Love Does Not Win Election by Ayisha Osori

I was tired but not traumatized. I had wanted the experience of contesting elections – a different kind of education – and I got it.

This book details Ayisha Osori’s journey on her attempt to win the primary elections of the People’s Democratic Party (PDP) and become the flagbearer for the party’s general elections into the House of Representative. Humorous, engaging, and written in simple English, this book presents a first-person perspective on campaigning for office as a woman in Nigeria.  Ayisha Osori sheds light into the muddy waters of Nigerian politics and exposes the barriers that stand in the way of winning elections. Barriers like money, godfatherism, and nepotism. This book is a must-read for anyone who seeks an insight into the inequality and corruption that occurs in Nigerian politics.

The Trouble with Nigeria by Chinua Achebe

The trouble with Nigeria is simply and squarely a failure of leadership. There is nothing basically wrong with the Nigerian character… The Nigerian problem is the unwillingness or inability of its leaders to rise to the responsibility, to the challenge of personal example which are the hallmarks of true leadership.

The eminent African novelist and critic, here addresses Nigeria’s problems, aiming to challenge the resignation of Nigerians and inspire them to reject old habits which inhibit Nigeria from becoming a modern and attractive country. In this book, Achebe argues that the only trouble with Nigeria is the failure of leadership. With good leaders, Nigeria could resolve its inherent problems such as tribalism, lack of patriotism, social injustice, indiscipline, corruption, and the cult of mediocrity that pervades the country. Just 68 pages long, this book brilliantly analyses why Nigeria remains the way it is.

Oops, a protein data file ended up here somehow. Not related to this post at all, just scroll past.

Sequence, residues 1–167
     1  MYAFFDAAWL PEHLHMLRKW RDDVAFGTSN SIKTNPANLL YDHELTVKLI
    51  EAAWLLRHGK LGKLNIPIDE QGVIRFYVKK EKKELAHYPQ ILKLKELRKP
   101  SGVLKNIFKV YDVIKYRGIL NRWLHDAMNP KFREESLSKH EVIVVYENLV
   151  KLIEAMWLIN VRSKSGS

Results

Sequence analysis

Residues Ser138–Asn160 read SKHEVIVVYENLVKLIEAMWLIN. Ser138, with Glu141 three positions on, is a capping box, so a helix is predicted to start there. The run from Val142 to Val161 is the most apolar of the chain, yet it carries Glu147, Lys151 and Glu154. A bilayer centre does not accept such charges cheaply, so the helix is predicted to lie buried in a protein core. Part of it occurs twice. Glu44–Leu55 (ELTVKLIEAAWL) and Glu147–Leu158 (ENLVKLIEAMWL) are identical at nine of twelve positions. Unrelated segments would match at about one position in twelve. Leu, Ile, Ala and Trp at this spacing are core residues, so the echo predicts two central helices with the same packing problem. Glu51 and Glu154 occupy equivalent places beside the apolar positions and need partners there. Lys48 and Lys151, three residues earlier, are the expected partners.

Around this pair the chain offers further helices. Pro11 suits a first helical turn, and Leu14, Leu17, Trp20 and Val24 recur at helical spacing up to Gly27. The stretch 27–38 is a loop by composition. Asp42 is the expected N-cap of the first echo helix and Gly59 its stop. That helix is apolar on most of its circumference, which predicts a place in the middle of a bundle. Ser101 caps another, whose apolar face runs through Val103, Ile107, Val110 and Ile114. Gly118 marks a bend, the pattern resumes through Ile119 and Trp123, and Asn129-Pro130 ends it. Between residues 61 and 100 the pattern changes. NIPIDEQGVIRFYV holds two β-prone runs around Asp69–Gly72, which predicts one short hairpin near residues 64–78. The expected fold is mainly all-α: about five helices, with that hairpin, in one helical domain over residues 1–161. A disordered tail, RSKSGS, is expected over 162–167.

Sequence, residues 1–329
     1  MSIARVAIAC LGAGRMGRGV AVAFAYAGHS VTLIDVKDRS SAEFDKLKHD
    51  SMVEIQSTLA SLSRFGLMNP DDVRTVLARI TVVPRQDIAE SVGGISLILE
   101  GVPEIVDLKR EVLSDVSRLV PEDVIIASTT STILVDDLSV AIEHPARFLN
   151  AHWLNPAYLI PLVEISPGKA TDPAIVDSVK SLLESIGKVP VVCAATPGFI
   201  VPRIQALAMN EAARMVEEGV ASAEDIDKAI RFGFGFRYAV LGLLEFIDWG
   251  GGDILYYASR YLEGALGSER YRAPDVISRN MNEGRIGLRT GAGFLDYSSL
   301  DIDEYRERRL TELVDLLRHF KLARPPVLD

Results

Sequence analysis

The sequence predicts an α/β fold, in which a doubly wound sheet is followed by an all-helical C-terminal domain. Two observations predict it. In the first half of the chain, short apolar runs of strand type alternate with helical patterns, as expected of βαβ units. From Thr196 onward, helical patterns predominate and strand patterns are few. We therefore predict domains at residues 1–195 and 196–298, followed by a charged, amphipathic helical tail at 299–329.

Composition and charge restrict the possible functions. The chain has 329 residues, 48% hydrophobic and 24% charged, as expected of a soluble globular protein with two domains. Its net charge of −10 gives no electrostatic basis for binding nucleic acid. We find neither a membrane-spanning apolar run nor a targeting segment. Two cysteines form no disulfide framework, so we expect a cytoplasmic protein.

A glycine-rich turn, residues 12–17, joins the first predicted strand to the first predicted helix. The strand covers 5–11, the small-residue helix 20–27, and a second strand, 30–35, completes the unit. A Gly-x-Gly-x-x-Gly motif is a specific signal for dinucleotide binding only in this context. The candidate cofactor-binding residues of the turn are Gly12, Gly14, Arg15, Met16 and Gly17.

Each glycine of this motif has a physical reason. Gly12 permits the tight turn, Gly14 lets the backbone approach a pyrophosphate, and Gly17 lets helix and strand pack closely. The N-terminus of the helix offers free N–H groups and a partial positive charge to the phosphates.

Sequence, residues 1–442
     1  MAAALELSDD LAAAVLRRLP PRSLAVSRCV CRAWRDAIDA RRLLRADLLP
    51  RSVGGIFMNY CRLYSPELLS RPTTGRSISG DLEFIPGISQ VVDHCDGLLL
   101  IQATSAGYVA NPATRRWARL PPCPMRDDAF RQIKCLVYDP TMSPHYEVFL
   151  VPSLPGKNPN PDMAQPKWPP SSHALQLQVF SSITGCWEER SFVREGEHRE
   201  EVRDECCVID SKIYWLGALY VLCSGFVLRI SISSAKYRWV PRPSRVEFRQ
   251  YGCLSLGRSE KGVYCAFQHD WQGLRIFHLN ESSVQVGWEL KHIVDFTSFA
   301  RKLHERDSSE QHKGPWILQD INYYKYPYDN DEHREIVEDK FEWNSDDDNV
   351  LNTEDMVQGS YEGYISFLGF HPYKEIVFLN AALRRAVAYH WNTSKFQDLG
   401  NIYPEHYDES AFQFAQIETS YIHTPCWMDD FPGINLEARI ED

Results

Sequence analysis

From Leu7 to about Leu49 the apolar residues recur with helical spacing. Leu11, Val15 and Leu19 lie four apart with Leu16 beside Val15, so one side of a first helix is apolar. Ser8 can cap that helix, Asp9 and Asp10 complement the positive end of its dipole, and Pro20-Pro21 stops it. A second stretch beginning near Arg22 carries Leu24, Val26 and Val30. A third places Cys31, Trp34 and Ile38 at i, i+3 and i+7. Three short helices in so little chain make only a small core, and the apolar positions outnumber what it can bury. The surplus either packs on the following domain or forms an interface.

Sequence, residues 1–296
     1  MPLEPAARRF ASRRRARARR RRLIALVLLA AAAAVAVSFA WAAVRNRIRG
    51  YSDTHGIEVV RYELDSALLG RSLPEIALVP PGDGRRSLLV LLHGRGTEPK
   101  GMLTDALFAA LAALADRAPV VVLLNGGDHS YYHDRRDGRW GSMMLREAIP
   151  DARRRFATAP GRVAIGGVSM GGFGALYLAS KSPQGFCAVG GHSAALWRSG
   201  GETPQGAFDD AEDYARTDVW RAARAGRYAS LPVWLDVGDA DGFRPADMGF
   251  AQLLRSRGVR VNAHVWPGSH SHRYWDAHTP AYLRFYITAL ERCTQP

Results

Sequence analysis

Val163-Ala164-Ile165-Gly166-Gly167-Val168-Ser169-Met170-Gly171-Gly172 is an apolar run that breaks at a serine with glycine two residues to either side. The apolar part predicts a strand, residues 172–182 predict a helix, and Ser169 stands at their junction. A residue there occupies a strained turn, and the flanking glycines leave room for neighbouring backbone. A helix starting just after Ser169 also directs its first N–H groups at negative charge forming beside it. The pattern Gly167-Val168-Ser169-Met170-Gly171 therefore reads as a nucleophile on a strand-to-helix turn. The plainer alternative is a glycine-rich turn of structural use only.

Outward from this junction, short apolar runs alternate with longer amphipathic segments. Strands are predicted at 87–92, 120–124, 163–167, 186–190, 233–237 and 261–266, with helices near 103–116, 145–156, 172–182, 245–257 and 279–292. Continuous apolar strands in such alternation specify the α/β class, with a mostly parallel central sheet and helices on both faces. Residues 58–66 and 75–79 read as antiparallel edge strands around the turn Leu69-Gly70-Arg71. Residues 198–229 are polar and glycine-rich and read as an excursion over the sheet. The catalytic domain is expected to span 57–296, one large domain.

Be(com)ing Nigerian: A Guide by Elnathan John

The Nigerian God loves elections and politics. When you have bribed people to get party nominations, used thugs to steal and stuff ballot boxes, intimated people into either sitting at home or voting for you, eventually, (through God’s grace), win the elections, you must begin by declaring that your success is the will of the Almighty and living God and that the other candidate should accept this as the will of God

In Be(com)ing Nigerian: A Guide, Elnathan John provides an affecting, unrestrained and satirical guide to the Nigerians you will meet at home and abroad, or on your way to hell and to heaven. It is a searing look at how power is performed, negotiated and abused in private and in public, in politics, business, religious institutions and in homes. From the exploration of religious hypocrisy to inequality in matters of the heart, the collection is a jab at Nigerian society and what it means to be a Nigerian. Beyond poking fun at the holders of power, it is a summons, a provocation, and a call for introspection among all levels of society. As is often said, when you point with one finger, there are four others pointing back at you.